Applying Nielson’s Usability Heuristics to Website Evaluation
Jakob Nielsen is the father of modern software usability and has developed a framework of 10 points to consider when evaluating the usability of a software system. In this post I shall examine the relevance of Nielson’s Heuristics to usability in web design and development.
1. Visibility of System Status
Whenever a website user performs some action on a website such as submitting a form – the website should keep the user informed of the status of the user action. For example – when processing a payment the system should ideally indicate progress. Slow-loading or large pages should have some sort of progress bar or notification of how long the page will take to load – this will set user expectations and prevent high bounce rates. Web developers should not rely on the user’s browser to communicate progress or status to the user.
2. Match Between System and the Real-World
Know your audience! The website should communicate in a fashion that is familiar to its users. For example, avoid terminology, icons and components that the user is unlikely to recognise or have difficulty in interacting with. Recently the software industry has seen the rise of flat design and decline of skeuomorphism (or the use of metaphors) in order to improve user experience and engagement.
3. User Control and Freedom
Website users should be able to navigate and use a website in a why which is comfortable to them. For example – some user’s may be using touch screen devices while some users may be using mice, keyboards or even screen readers. Your website should facilitate ease of use and flexibility to all users of the site.
4. Consistency and Standards
Consistency is one of the 5 principles of usability (the other 4 being: visibility, simplicity, affordance and feedback). It is important that users receive a consistent experience across your website – that means that all the interactive, navigational and content components of your site should look and behave in a consistent manner. For example, the navigation across the site should be consistent so that users are able to recognise the navigation and traverse the site without having to think about where they are and how they find their way around. The same applies to page layouts, call-to-actions and forms.
5. Error Prevention
Chances are that if a user encounters an error on a website they are likely to abandon the website. Error prevention can be achieved for websites by, for example, checking links regularly to prevent 404 (page not found) errors or providing clear instructions on how to complete a form/validate input formats so that the user can complete an action successfully the first time.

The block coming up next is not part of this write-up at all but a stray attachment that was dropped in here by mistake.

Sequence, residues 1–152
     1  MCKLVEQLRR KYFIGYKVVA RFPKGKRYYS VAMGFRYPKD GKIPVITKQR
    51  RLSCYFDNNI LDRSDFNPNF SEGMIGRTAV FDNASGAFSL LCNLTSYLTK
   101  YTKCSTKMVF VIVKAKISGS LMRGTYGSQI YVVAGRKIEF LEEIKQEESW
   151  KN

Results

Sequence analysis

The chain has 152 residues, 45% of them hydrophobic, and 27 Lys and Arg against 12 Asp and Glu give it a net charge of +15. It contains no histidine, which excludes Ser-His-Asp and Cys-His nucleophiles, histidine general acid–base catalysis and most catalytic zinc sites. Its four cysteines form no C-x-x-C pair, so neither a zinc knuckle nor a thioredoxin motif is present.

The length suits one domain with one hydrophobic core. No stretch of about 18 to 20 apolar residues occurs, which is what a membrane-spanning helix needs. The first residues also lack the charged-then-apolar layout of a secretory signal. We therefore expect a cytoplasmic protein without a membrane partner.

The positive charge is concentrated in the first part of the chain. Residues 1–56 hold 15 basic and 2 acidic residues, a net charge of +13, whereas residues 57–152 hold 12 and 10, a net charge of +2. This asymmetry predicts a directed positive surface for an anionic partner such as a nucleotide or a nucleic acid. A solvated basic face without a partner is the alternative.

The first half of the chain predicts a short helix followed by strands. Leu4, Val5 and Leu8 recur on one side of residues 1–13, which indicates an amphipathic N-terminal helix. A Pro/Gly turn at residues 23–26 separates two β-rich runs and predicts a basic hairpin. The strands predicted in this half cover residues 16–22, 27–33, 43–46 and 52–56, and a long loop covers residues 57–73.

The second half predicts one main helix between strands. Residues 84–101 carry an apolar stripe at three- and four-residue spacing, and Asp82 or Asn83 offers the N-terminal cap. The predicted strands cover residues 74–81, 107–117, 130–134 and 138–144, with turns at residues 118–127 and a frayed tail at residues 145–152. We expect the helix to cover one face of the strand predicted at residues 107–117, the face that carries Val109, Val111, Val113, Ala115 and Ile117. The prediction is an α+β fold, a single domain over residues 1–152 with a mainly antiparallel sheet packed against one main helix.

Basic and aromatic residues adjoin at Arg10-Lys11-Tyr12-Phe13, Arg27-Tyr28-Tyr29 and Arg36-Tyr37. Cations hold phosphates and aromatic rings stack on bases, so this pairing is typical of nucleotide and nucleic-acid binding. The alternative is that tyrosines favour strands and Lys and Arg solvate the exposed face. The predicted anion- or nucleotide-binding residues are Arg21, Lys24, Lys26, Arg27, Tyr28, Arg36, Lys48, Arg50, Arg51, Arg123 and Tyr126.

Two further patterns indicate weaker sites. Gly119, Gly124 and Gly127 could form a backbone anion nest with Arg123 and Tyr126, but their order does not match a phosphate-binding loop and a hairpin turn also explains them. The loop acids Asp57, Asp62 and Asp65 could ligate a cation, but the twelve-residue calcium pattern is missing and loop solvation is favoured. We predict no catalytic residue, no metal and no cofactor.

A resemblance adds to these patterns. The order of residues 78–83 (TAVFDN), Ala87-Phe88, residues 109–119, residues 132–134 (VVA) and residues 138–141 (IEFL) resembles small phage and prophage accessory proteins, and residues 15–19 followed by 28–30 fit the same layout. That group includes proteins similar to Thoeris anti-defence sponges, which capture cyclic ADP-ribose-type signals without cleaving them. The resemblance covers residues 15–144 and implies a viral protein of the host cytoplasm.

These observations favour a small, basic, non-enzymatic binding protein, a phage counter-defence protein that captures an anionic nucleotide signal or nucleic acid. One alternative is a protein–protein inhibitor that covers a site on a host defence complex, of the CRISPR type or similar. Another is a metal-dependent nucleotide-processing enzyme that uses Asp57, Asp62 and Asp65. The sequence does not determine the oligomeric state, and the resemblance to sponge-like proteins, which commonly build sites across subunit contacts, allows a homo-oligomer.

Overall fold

6. Recognition rather than Recall
Following from the principle of consistency – Nielson’s 6th rule essentially means that users shouldn’t have to figure things out – it should be very obvious how to use, navigate and interact with the site. User’s shouldn’t need to remember anything to achieve a desired goal, for example – users should be able to recognise the visual and behavioural differences between buttons and links.
7. Flexibility and Efficiency of User
Mechanisms which may not be visible to novice users such as short cut keys should be available to advanced users in order to improve efficiency and use of the website. Some of this will be handled by the browser (eg tab order in forms or short-cuts such as Ctrl-P to print) but should always be a consideration when exposing functionality in web pages.
8. Aesthetic and Minimalist Design
Trends come and go in web design but minimalism is more of an eternal principal. In minimalist web design you should provide only the content and information that is required. Reduce design elements, clutter and imagery to only what is required. Great post on minimalism on SmashingMag here.
9. Help User’s Recognise and Recover from Errors
Provide error messages that are helpful, understandable and provide clear instructions about how to recover.
10. Help and Documentation
In the case of a website it should be clear how to get in touch. Your website’s “Contact us” button should be visible and clear.
30 Dec 2013 / @pareendaya / 0